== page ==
I grew up watching standup and being really into comedy. I really love novels that are more interior and personal, and I always like it when a book considers me as the reader, so I purposefully try to use the language I thought these characters would use. I’m not trying to impress you with my intellect. I just want to be really generous and inviting and it’s the stuff that I really like to read, so I wanted to write something that was a little more satirical and humorous.
I like that idea of you as a writer you don’t have anything to prove. That feels like an exercise in healthy ego loss.
We’re so inundated with people constantly performing an intellectual or academic or performing these versions of themselves and I think one of the big themes of the book is performance. I wanted to get behind the curtain a little bit. I’m so obsessed with the ways that people perform and when they slip up and reveal their humanity. We live in a culture obsessed with performance. I was revisiting Sheila Heti’s novel Pure Color and she was talking about living at the end of the first draft of existence and we’re just living at the end of the credits of a movie and everyone wants to see their name up on screen. I want to keep shedding a light on our humanity and the parts of ourselves that are a little more embarrassing, to neutralize and normalize that.
That’s what Bad Thoughts does, it takes the idea of a bad, strange, or taboo thought and makes it extremely normal and not actually bad – but just a part of being human.
Honestly, my whole goal in life is to figure out ways to transmute shame into humor. I think so much of ourselves is incompatible with these versions we’re projecting ourselves out into the world and it’s like, well, what do we do with that? For me, one way to reconcile that is taking those dark parts and making them funny or normalizing them.
There are a few different ways you can do that as an artist. Humor is kind of like the lens through which I see the world and the absurdity of it. It has this sort of this diffusing effect. I’ve been reading Ottessa Moshfegh’s book [Lapvona] and the way she does it is through the grotesque, which is another way to integrate that darkness, but it’s like on a whole other level. With her, she’s getting us to face the horrors in life in order to take the power away from it. She’s not trying to entertain or anesthetize, she’s trying to wake you up, and she’s so brilliant. I can’t really do that, but my version is maybe a softer way of mining the dark parts of the psyche.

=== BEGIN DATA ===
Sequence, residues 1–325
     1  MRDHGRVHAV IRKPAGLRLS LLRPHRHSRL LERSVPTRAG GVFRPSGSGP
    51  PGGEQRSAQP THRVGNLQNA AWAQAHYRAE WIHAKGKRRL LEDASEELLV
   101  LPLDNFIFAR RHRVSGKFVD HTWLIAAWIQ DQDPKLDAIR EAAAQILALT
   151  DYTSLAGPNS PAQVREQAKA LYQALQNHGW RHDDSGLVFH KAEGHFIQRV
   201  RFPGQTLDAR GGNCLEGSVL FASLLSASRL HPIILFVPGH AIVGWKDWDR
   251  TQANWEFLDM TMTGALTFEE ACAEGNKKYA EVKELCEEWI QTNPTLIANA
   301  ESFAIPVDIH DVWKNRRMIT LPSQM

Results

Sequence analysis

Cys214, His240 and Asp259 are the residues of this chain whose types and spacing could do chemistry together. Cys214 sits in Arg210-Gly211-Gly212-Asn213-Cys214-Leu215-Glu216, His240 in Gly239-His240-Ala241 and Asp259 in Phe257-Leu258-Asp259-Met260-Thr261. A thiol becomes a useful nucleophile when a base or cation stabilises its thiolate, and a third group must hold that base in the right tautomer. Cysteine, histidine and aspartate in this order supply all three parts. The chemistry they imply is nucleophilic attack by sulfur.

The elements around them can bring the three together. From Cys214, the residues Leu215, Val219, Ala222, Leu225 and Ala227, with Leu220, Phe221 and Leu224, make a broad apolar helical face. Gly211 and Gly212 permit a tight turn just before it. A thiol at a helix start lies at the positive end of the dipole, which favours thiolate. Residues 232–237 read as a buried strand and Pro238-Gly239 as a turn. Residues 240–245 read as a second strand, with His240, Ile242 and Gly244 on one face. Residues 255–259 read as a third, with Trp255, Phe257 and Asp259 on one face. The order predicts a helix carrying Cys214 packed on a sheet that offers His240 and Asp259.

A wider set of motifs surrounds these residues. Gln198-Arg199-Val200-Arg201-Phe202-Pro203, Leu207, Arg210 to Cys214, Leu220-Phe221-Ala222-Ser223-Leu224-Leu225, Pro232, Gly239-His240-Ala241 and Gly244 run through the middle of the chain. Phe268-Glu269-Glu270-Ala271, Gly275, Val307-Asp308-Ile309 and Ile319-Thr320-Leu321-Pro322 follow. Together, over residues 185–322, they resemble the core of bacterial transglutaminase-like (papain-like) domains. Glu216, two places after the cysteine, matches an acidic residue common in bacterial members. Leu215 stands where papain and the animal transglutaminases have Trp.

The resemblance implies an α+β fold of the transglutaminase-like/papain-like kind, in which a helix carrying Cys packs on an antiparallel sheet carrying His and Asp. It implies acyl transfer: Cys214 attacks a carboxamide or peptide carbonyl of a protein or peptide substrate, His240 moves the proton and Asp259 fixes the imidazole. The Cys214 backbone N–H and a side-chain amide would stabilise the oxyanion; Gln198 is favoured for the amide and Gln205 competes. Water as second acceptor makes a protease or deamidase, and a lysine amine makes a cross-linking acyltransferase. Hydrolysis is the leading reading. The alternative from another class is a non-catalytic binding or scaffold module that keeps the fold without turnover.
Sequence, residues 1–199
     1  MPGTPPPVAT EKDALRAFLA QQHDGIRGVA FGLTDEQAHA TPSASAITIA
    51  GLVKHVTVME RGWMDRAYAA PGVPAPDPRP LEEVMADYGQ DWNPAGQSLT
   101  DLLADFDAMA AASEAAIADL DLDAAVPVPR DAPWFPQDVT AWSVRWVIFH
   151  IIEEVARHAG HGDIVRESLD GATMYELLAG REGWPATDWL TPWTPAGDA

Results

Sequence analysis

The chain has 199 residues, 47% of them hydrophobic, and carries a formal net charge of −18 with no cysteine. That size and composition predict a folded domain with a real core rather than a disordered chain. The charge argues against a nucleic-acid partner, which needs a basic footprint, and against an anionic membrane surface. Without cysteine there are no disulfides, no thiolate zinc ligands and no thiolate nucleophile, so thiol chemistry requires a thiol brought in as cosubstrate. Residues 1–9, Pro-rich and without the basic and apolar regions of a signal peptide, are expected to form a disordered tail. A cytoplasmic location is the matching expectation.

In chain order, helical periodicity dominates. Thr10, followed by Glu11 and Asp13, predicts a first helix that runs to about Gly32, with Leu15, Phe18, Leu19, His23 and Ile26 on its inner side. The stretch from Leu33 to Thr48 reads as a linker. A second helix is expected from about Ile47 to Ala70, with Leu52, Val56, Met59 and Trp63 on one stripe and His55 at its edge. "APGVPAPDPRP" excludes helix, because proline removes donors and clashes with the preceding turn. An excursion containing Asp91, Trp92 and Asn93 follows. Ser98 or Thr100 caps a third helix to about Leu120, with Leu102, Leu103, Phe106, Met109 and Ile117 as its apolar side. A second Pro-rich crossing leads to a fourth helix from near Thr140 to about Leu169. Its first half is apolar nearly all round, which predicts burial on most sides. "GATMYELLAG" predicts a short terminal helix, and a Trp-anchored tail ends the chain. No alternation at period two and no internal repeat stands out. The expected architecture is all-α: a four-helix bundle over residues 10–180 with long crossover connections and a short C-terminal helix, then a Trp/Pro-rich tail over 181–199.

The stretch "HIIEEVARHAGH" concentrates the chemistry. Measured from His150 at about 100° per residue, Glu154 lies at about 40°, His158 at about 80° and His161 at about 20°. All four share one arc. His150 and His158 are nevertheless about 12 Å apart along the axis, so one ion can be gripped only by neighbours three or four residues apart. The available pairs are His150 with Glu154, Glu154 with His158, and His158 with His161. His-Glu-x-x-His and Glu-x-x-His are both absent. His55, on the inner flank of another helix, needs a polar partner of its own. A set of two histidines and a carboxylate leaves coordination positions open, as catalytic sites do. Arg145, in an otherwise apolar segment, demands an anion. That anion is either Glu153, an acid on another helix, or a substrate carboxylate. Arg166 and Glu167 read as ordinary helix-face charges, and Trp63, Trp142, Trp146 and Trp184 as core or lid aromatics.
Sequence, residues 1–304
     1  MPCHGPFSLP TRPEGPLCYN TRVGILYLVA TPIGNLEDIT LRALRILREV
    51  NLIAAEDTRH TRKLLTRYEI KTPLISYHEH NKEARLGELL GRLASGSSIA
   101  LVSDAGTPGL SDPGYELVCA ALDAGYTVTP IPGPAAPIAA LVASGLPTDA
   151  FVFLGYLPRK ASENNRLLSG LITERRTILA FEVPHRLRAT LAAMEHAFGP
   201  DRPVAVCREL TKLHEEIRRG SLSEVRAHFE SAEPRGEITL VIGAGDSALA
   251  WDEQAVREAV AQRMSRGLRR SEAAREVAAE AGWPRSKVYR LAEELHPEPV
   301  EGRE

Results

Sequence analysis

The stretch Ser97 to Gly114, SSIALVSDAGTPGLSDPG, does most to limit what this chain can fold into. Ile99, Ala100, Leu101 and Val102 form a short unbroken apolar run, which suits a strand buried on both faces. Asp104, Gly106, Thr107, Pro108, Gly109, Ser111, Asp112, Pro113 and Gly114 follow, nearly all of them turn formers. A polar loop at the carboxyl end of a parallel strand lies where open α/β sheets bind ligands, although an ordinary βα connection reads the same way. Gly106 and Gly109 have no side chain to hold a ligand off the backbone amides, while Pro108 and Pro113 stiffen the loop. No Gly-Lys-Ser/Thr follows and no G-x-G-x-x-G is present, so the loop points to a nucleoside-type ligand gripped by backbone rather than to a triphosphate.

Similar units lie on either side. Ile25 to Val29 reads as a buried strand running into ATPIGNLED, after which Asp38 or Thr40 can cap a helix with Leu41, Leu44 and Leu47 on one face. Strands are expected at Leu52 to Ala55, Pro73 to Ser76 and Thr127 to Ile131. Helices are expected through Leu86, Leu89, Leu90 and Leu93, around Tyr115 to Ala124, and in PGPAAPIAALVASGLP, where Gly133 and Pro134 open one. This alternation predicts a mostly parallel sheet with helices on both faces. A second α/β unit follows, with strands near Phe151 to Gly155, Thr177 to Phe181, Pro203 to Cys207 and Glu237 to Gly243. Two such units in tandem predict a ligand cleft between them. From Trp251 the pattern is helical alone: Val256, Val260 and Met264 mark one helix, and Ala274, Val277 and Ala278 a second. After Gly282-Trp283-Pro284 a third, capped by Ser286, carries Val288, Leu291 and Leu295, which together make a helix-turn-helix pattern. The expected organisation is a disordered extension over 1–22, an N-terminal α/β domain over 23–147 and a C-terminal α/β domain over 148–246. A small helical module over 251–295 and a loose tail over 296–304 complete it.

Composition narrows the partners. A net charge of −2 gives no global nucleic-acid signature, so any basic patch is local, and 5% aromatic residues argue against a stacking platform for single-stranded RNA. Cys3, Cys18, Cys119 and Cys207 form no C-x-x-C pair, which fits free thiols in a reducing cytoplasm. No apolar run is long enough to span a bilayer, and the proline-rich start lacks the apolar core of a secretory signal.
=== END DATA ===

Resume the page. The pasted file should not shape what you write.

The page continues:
To go off Ottessa, books about messy women in particular are having a moment, which girls on #BookTok can’t get enough of: the Ottessa, Sally Rooney, Fleabag moment. What do you think about that? Does your book fall into that canon?
Yeah, it rubs up against the other end of the pendulum, which is that really polished, sanitized version that everyone is projecting online of perfection. I think that’s why it can be both very intriguing, but also triggering to some people to be forced to see those imperfections displayed through these characters. I feel like it’s starting to change even with TikTok culture, even with younger people being accepting of the full spectrum of humanity. There’s also a lot of comedy in pointing out the ways in which we fail at performance. I’m always looking behind the curtain and behind someone’s whole appeal, especially in LA, everyone presents as this idealized version of themselves, but there are all these micro humiliations we all face throughout our days. Maybe you say goodbye to someone and then you start walking in the same direction as them. The other day the barista forgot my order, and I was, like, regressing into this wounded child. It doesn’t take much to have a person absolutely unravel. Like those moments I'm so obsessed with, you’re just cutting through the performance and revealing our fallibility and our immortality. And I love calling that out because I cannot stand pretending. I can’t even really do small talk or anything.
Do you feel like writing this book has made you change how you view yourself or those own “shameful” thoughts? Has it changed your perception of yourself at all?